• Excellent answer. +1 The converse is just as easy. -- I have a stable full of systems that use RSA between each other, so tend to use this to verify their hosts files to make sure the latest updates are there.. ssh remote "cat /etc/hosts" - then can append a line if that is sufficient to fix it.
    – SDsolar
    May 23, 2018 at 20:56

It's also possible to use dd to append to a file. Maybe a bit obscure but useful if output redirection on the remote host isn't possible.

cat ~/.ssh/id_rsa.pub | ssh user@remote.host 'dd of=.ssh/authorized_keys oflag=append conv=notrunc'

This example appends your public key to the authorized_keys file on the remote host.

(Source: http://www.rsync.net/resources/howto/ssh_keys.html)


This will take the contents of your clipboard on a Mac and append it to the end of a file remotely:

pbpaste | ssh root@my.machine.remote 'cat >> ~/.ssh/authorized_keys'

This allows you to write (append) to the end of a file on a remote host:

echo "Append string to file" | ssh root@my.machine.remote 'cat >> ~/.ssh/authorized_keys'

If has to be used multiple times might be easier to use this code. With "sshpass" tool, ssh won't prompt you for a password for each invocation of the script. (unless you need to keep it secret, then better off not use it)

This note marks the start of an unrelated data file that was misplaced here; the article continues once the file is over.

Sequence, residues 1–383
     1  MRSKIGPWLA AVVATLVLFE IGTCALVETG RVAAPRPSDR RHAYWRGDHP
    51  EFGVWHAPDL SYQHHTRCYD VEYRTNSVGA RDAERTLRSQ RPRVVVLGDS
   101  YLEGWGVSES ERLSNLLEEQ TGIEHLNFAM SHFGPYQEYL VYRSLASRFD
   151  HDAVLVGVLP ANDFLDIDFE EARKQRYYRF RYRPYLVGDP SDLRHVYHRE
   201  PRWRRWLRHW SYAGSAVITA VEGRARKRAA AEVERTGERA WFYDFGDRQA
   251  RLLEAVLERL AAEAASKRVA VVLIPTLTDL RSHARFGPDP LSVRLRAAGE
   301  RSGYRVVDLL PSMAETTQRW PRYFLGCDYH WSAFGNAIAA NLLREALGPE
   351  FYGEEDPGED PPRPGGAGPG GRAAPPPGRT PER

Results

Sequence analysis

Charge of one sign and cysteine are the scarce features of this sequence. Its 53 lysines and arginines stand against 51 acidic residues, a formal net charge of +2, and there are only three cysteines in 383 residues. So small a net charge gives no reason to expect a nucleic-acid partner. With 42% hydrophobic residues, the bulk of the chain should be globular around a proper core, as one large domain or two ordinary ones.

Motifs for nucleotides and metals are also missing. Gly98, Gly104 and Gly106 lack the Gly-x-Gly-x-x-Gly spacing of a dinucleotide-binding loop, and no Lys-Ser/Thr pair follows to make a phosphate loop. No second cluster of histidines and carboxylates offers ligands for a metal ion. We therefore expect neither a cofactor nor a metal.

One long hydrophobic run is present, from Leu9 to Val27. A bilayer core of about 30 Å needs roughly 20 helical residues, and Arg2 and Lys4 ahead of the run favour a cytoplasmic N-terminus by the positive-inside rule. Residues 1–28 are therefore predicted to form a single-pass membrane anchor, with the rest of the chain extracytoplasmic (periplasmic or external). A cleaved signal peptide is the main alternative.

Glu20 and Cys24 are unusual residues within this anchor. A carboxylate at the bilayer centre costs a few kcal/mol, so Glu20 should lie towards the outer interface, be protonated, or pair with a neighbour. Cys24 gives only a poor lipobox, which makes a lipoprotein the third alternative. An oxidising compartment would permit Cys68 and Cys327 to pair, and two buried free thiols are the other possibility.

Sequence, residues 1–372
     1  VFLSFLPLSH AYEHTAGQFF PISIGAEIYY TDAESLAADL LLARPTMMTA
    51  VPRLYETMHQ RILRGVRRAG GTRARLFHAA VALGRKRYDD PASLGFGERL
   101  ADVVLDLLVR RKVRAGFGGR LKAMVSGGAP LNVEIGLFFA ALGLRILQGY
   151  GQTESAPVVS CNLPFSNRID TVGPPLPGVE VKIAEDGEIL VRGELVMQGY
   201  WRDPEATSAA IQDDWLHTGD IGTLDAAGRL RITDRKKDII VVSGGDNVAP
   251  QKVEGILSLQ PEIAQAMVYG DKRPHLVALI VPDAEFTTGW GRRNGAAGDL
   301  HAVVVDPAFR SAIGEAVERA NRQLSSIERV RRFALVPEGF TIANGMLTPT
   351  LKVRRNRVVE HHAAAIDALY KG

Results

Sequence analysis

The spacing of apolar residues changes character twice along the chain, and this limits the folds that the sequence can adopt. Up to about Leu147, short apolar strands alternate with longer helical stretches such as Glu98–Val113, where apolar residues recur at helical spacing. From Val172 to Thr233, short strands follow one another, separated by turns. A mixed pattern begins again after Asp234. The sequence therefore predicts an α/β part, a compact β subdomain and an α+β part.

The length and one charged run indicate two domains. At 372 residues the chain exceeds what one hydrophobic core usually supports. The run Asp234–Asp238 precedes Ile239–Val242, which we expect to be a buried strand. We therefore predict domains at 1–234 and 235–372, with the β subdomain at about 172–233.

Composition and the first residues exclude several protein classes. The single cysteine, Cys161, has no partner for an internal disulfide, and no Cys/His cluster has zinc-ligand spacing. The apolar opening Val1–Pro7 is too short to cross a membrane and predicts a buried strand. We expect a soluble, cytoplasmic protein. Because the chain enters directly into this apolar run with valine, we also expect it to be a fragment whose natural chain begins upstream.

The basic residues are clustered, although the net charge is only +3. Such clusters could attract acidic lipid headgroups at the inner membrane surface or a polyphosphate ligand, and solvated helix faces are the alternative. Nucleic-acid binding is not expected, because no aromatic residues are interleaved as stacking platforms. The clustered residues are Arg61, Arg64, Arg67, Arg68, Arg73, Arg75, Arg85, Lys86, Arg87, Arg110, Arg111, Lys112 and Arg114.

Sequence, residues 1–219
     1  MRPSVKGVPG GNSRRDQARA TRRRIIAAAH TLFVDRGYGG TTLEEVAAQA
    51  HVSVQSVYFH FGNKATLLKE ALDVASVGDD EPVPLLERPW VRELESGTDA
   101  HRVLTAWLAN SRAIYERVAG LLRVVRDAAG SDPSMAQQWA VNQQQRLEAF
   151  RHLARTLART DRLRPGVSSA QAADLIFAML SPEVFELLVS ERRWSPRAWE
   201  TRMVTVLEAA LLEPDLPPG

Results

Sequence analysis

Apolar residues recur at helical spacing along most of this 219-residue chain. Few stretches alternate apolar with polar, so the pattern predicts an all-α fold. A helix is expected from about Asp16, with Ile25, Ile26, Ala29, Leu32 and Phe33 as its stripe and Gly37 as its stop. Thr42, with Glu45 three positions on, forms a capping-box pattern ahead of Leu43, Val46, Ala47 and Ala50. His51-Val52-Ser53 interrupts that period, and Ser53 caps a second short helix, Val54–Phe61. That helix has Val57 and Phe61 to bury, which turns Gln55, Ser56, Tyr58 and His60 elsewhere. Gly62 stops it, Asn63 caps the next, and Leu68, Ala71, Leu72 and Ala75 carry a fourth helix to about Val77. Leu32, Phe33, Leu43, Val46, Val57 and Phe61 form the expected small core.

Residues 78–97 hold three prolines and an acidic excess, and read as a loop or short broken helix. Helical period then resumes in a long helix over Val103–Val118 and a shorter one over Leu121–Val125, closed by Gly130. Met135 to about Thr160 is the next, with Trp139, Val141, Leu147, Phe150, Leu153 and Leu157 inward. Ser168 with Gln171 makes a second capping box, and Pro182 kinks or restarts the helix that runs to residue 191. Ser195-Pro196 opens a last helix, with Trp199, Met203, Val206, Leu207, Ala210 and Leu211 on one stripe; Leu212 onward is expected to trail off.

For more info about sshpass : https://stackoverflow.com/questions/12202587/automatically-enter-ssh-password-with-script


SCRIPT="echo 'nameserver' > /etc/resolv.conf"        

if [ "$#" -ne 1 ]; then
        echo "Wrong number of arguments. usage: prog dest_machine"
        sshpass -p "root" ssh -o StrictHostKeyChecking=no root@"$1" "${SCRIPT}"
  • More intuitive than what?  This is essentially the same as g33kz0r’s answer (from almost two years ago), plus some bells and whistle that are not particularly clear.  At least explain the stuff you have added. Oct 1, 2017 at 10:52
  • If your script is invoked with too many arguments, it issues an error message saying that there are too few arguments. Oct 1, 2017 at 10:57
  • Yes it is almost the same you are right. The one thing it adds is that it is a bit more easy to use (if needed multiple times). And yes the error message is not good, I will fix it.
    – manish ma
    Oct 1, 2017 at 11:36

You can simply use vi or nano or pico editor:

# Just replace "vi" with "nano" or "pico" if you want to use them.
vi remotefile.txt

However, you will then have to write Some Text into it in the editor by yourself, so this process is not really batch-compatible.


Create a script as below:

# !/bin/bash

read -p "Enter target server IP : " server
echo "Enter root password for $server : " ; read -s password

yum install sshpass -y

sshpass -p "$password" ssh -o strictHostKeyChecking=no root@$server echo "your text goes here" >> /remotefile.txt
  • I see the downvote - most likely from someone who won't use a new command like yum without a very good reason. This answer shows how but not why. (Canceling the downvote for the moment - I hope you will edit this to provide more context)
    – SDsolar
    May 23, 2018 at 20:57